To answer your questions, here is my personal opinion: Yes, it will fly. No, I wouldn't fly it that way. The powerpod is pretty strong for what it is, when it's braced by the airframe. Just sticking out like that, it's going to be pretty weak, and could lead to all kinds of trouble, I think. I would either do as suggested, and extend the nose of the plane to cover and brace it, or go with the shorter powerpod and just add some weight to the nose.

My Simple Scout was decidedly tail heavy and I just put some velcro on the back of some lead weight and strapped it to the nose. Less optimal than using that weight for a bigger battery/motor combination, but I just wanted to fly the darn thing, right!?

SlowFly prop? Go for it. Check your temps on the motor and esc when you bring it in. That might even be the optimal prop for your setup.

Ground take off? Again, differing opinions. I prefer a ground take off. To me it's less stress than throwing the plane into the air. My son flies better than I do by a long shot, but he's horrible at ground take offs. He definitely prefers that I launch the plane for him.

I agree with FDS concerning flight time. Just set a conservative timer, and when you bring it in you can check the temps of everything and see how much battery you used. You'll use more when it's windy, or if you're throttle heavy. Flight times will vary.

You're getting it done and doing it right. Happy flying!
 

BATTLEAXE

Well-known member
#6
@buzzbomb is correct, we seem to disagree on a couple things but like he said it comes down to personal experience. It's funny how things work out for some and not others. Any one on here you ask what's the best trainer plane from FT, 95% will say the Tiny Trainer. I myself made the plane twice, once stock and once with the recommended mods to make it easier to fly. 6 attempts between 2 planes and none of it was what could be called controlled flight, the second was slightly better but just wasn't anything to learn from. Seen vids of others build the stock TT and fly it like it they were born pilots, talk about frustrating.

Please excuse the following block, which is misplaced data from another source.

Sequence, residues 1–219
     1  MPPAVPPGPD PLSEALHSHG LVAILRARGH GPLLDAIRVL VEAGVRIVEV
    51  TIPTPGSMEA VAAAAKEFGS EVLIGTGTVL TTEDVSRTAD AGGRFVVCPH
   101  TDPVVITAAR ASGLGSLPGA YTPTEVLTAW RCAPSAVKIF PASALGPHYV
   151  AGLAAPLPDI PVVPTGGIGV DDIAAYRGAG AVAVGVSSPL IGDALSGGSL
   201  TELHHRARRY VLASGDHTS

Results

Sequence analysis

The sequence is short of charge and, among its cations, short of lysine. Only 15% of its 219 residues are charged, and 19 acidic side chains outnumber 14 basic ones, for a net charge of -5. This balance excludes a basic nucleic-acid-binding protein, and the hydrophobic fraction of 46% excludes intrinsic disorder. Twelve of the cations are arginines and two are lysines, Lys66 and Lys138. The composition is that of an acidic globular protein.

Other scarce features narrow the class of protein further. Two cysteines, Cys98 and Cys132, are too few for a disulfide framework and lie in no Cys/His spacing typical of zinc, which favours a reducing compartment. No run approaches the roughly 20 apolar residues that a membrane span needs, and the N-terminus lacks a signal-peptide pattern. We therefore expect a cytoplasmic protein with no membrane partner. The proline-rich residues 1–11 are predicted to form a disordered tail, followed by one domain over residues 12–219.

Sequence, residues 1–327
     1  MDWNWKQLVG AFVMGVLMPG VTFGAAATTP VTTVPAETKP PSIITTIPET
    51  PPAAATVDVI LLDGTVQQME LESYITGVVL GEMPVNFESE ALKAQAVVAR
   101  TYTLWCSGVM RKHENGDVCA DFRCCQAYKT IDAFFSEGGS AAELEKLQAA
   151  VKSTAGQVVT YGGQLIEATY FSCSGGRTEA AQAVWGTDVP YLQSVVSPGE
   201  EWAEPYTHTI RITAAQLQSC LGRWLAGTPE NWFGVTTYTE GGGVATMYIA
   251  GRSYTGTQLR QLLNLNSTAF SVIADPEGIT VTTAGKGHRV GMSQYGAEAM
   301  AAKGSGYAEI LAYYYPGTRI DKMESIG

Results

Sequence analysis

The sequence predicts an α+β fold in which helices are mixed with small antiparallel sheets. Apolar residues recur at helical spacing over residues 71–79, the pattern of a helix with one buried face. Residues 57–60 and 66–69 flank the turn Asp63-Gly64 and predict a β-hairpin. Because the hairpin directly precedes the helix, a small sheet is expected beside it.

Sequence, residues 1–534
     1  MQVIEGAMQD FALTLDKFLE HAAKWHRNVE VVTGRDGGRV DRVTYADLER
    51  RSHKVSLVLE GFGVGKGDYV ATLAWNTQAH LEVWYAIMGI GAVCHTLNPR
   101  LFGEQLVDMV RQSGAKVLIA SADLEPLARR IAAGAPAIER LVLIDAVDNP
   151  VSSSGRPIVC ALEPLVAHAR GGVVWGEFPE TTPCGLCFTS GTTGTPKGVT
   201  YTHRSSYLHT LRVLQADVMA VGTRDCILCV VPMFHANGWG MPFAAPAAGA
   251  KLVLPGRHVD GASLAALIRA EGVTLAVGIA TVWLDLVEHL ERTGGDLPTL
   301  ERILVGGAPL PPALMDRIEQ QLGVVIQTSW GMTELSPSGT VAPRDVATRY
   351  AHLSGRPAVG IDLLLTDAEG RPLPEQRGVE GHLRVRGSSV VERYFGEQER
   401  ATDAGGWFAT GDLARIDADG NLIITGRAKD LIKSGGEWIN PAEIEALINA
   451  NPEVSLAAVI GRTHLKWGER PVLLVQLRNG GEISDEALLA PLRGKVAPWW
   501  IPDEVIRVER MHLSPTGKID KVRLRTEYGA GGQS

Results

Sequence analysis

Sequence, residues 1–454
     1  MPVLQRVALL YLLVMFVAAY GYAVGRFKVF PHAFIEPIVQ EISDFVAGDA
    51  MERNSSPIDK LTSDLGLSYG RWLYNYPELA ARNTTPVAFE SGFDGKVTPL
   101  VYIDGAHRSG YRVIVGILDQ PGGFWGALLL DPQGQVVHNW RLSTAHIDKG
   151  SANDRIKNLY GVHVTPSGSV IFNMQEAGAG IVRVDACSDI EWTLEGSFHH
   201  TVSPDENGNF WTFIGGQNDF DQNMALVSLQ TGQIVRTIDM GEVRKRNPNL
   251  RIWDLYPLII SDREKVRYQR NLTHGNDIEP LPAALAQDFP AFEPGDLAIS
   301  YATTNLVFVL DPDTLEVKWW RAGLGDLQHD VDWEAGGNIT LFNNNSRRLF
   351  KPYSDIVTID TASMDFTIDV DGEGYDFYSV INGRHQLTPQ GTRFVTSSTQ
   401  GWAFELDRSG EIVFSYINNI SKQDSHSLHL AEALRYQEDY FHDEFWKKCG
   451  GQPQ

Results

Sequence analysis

As far as the simple scout goes it is an excellent trainer once it is flying. Mine taught me aileron control. It was an awesome plane once I got it flying. I did have troubles with it being tail heavy the first time out with it and I got it sorted out. There are a few things you could to lighten up the tail. One would be to remove the paper off the inside of the fuse, but I am guessing that's all closed up on the bottom. I would cut an exhaust vent hole on the underside about 3-4 inches long starting just behind the root of the tail edge of the wing for airflow, and to gain access to the paper on the inside. The amount of paper you will be able to remove will be worth a lot of weight savings. You wouldn't think so but it does.

I also used a 2200 mah 3s in mine so it would weigh more then your current battery as well. In the front it will save you from having to put lead weights and will give you a longer flight time. The 2200 will only fit if you remove the landing gear but if you are new to flying, belly landing is the way to go. I know it looks cool to land nicely on the wheels but that takes practice and patience. As a new pilot you will be coming down harder then expected and the landing gear becomes a lever that tears the plane apart for you to fix. Just a thought.

Conclusion, plane will fly, just needs some tweeks. Good Luck
 

Piotrsko

Well-known member
#7
Old timer comments: charge the battery, hang on really hard, run motor full throttle until it stops. That's how long it runs, the motor controller has stops to still fly a while longer. Be careful, those props are great at shredding stuff like arms and fingers. You can stop every so often to check if the motor or ESC is getting too hot if you want.

An ounce (50 grams) isn't too much noseweight, some people use pennies or other small coins stuck on with tape. One glider I built needed 2 pounds (900 grams) noseweight. Your pictures indicate the battery can go behind the motor.

Yes it will fly
 

hiroshiman

Active member
#8
@moret: Yeah I thought that adding foam could stiffen it a bit. I don't mind too much about the visual flaw of the nose right now, it's being able to fly it and not destroy it right away that frightens me. I'll make it shorter and add weight.
Oh, in theory there is built in sensors on that receiver but not much info from HobbyKing.
1572683799541.png
Thanks mate, I also hope I'll get it to fly

@FDS Good to know that the slow props are good, it means that I can focus on this CG issue, it was the one thing I did not ask you guys about when looking for parts.
About ground take off, it's a bit of a dream for me to do it this way. I will not if I don't find a suitable playing ground, but oh boy, I would really love to see it take off by itself. I might not do that at the first flight though.
And about the CG, well everyone seems to agree that weight on the front is the easiest way for fixing the issue. Changing the design at this point seems like a bad idea anyway, it was simply not meant to be built this way.